Monday, 30 March 2020
Lessons from Walden by Bob Pepperman Taylor
Subtitled Thoreau and the Crisis of American Democracy, this book, in three chapters, explores themes from Henry David Thoreau's Walden: 1) the need to simplify our lives; 2) the need to follow our moral intuition and 3) to live close to and learn from the natural world. The author's intention being to use Walden as 'a springboard for thinking how we and our contemporaries wrestle, for better or worse, with the issues Thoreau raises'. He also explores some of the shortcomings of Walden's ideas for current circumstances.
The author observes that Walden uses the resurgence of nature in Spring as a metaphor for us to awaken ourselves from our lives of 'quiet desperation' so we can learn to live simple, more satisfying lives. He outlines the central point of Thoreau's approach as being achieving a satisfying simplicity rather than a self denying austerity and from there leads into a discussion of Thoreau's ethics as they contrast with the 'disinterested' ethics so often presented as desirable. He also explores Thoreau's difficulties with dealing with people who he met who were poor not by choice but by circumstance and his thinking behind the economy that forced people into poverty. He makes clear his belief that Thoreau saw voluntary simplicity as a way to challenge the inequalities of the established social order. Certainly, Walden ties personal awakening to the wider world and politics.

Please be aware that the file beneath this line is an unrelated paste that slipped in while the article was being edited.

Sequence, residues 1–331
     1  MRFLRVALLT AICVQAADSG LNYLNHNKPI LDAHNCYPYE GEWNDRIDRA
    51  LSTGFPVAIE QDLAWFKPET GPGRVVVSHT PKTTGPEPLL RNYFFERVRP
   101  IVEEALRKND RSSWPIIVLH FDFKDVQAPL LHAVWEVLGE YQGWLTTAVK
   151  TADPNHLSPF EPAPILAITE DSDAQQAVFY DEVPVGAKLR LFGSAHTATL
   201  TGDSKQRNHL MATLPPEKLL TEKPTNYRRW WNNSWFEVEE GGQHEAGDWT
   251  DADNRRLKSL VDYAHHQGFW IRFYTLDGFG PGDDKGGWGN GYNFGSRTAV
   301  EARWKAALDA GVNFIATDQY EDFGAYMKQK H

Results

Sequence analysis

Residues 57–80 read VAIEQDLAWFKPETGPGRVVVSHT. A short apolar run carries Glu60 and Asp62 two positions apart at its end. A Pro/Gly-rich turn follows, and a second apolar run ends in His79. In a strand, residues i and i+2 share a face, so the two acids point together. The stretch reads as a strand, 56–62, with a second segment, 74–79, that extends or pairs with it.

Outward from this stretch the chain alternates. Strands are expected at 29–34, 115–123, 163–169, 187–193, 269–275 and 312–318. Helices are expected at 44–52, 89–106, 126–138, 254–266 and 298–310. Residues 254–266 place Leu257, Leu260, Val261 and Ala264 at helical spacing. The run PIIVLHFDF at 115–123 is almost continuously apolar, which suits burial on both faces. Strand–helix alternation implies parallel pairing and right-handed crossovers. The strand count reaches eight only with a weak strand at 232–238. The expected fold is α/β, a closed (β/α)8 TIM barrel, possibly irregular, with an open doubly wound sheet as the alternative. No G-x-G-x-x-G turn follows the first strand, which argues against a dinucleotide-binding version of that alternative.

Walden, wasn't a vast wilderness, but on the edge of Concorde Village, but still was a place where Thoreau felt he could learn from nature. He saw nature's value in beauty and in it's potential as metaphor to to see ourselves in new ways.
"His project as a writer and artist, however, is primarily to use the natural world as a force for moral awakening or reform, and it is this project that makes him so significant in our American ethical traditions of thinking about nature."
Taking Thoreau's writings as a springboard, Pepperman Taylor gives an overview of changing American attitudes to nature, ranging from the differing views of the first colonial people and the first African slaves brought into the country to discussions of ecomodernism which puts its faith in technology to save nature. Thoreau's views about humans having a place in a locality where they cound intimately know nature, ran against the flow in a country where nature conservation originally grew out of a concern to preserve natural resources for their indistrial exploitation not from that exploitation.
Although Thoreau's Walden is central to the discussion in this book, the author also brings in not only Thoreau's other writings (particularly On Civil Disobedience) but works by others, from Plato's Republic to the writings of Aldo Leopold. He puts Thoreau in the context of other philosophers writing in the nineteenth century and follows common threads through more recent writers, to assess the state of the nation and modern politics. So this is a much more wide ranging work than the title might suggest.
It's the relevance of Thoreau's ideas to our current political and environmental situation that make it so vital that people revisit his writings and this scholarly book is a good analysis, particularly for the American reader. Also, in these times when many people are self isolating against the Corona virus, it is interesting to read about Thoreau's thoughts about separating himself from society at Walden, though that is by no means the main focus of this book.
Lessons from Walden by Bob Pepperman Taylor, published by University of Notre Dame Press.
Disclaimer: I received a free e-book in return for an honest review.